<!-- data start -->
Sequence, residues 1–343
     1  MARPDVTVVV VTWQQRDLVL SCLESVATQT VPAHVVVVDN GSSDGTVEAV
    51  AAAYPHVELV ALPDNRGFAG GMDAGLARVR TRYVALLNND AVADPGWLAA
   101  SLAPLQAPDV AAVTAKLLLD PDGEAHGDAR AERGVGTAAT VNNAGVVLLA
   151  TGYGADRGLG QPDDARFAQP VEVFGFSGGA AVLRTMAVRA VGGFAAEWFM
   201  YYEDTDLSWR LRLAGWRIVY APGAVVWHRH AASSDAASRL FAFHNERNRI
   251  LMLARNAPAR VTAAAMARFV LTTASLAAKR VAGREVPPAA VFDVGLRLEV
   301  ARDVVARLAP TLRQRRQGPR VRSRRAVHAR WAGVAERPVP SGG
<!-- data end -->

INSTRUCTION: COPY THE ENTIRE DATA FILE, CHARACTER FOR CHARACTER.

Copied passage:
Sequence, residues 1–343
     1  MARPDVTVVV VTWQQRDLVL SCLESVATQT VPAHVVVVDN GSSDGTVEAV
    51  AAAYPHVELV ALPDNRGFAG GMDAGLARVR TRYVALLNND AVADPGWLAA
   101  SLAPLQAPDV AAVTAKLLLD PDGEAHGDAR AERGVGTAAT VNNAGVVLLA
   151  TGYGADRGLG QPDDARFAQP VEVFGFSGGA AVLRTMAVRA VGGFAAEWFM
   201  YYEDTDLSWR LRLAGWRIVY APGAVVWHRH AASSDAASRL FAFHNERNRI
   251  LMLARNAPAR VTAAAMARFV LTTASLAAKR VAGREVPPAA VFDVGLRLEV
   301  ARDVVARLAP TLRQRRQGPR VRSRRAVHAR WAGVAERPVP SGG